The castle was, therefore, fundamentally a status symbol. It showed the knight was a military man, his prime legal function. It showed he had a status which meant his children could achieve suitable positions and matches. It showed he was the local lord with power over the local peasants. In day to day function the castle was fundamentally a house and a farmhouse at that. However, it was not without military function. Although these small castles never had permanent garrisons in the event of a raid from Wales13 the knight, his squire and a few locals could have defended the castle and the village valuables like money, seed grain, ploughs etc. for the short period these raids generally lasted. There were also at times seen as a strategic defence and in 1224 the small mottes of the Vale of Montgomery were ordered to be strengthened to resist the welsh (One of the very rare occasions when this type of castle is mentioned in historical records.)14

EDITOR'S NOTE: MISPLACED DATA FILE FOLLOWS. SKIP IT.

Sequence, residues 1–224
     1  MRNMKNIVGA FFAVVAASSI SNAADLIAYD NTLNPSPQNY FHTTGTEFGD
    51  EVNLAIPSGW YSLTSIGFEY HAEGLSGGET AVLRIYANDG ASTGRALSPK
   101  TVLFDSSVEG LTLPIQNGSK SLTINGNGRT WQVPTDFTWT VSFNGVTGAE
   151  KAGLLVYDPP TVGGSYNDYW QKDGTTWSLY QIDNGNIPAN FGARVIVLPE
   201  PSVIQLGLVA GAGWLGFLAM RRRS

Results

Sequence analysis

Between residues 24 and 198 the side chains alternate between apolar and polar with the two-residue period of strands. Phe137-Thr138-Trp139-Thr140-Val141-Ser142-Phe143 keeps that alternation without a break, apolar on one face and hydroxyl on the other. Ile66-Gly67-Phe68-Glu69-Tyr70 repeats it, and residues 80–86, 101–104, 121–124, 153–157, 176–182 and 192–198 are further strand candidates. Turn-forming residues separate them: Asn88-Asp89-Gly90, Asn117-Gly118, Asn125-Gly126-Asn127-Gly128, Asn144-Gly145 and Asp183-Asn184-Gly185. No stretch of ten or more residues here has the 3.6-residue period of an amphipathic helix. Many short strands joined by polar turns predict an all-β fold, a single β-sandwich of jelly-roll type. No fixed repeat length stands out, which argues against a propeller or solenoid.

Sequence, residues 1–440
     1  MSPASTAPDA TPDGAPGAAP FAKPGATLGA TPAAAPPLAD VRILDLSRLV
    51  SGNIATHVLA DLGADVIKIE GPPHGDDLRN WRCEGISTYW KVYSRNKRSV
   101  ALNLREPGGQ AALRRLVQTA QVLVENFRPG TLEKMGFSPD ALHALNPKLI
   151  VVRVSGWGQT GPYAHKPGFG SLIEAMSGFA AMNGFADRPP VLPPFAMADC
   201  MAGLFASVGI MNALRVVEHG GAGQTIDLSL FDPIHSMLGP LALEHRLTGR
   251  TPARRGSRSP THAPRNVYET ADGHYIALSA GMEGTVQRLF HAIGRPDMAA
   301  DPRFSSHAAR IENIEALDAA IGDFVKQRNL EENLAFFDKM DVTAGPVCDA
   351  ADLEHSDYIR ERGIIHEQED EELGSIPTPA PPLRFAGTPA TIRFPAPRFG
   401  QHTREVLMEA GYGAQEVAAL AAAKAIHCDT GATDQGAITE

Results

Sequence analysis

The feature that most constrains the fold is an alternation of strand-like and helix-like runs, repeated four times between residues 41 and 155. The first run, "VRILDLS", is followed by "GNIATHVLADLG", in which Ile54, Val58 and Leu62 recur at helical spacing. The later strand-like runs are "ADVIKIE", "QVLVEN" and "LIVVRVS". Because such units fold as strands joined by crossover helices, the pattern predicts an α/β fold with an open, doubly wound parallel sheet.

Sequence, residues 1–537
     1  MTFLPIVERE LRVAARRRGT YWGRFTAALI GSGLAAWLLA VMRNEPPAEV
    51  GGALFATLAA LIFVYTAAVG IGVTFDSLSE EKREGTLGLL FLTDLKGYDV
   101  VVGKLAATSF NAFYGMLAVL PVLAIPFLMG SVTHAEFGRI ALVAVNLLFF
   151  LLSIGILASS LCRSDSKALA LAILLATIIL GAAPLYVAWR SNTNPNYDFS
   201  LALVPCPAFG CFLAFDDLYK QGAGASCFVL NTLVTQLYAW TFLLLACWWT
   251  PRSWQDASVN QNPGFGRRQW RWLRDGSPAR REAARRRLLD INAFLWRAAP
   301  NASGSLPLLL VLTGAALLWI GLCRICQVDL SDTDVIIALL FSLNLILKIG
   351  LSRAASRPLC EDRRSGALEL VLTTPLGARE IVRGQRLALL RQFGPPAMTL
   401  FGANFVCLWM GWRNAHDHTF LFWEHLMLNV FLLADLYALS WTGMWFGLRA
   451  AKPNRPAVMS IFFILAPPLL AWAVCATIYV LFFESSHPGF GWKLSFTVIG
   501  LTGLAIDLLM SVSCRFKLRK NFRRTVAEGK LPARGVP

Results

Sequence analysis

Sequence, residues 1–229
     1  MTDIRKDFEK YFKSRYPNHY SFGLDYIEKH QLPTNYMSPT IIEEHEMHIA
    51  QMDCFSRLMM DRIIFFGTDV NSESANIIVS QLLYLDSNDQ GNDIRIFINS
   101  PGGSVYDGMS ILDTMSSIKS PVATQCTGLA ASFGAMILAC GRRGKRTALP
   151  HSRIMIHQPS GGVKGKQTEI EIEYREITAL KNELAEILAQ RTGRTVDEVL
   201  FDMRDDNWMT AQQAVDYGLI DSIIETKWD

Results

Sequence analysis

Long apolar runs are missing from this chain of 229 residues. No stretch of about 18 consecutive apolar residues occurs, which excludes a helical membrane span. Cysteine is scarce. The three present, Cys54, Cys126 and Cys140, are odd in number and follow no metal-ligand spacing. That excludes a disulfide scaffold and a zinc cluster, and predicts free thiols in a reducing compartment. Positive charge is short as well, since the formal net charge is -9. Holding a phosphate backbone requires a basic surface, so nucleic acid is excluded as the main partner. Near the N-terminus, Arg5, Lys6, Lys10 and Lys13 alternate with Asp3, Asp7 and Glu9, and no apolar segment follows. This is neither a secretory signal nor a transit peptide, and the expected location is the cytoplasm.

The best text on earthwork and timber castle is undoubtedly Timber Castles by Robert Higham and Philip Barker, however this tends to look at major timber castle built by significant barons and little is written about minor castles. A much condensed version of the book can be found as an essay in Robert Liddiard (ed), 2003, Anglo-Norman Castles (Boydell Press) .
Some essays have been written by notable authors about minor castles, in the context of their relationship with major baronial castles. 'The Origins of the Honour of Richmond and its Castles' by Lawrence Butler (1992, Chateau-Gaillard Vol. 16 pp. 69-80) and 'Castle Guard and the Castlery of Clun' by Fredrick Suppe (1989, Haskins Society Journal Vol. 1 pp. 123-34) are both also reprinted in Anglo-Norman Castles.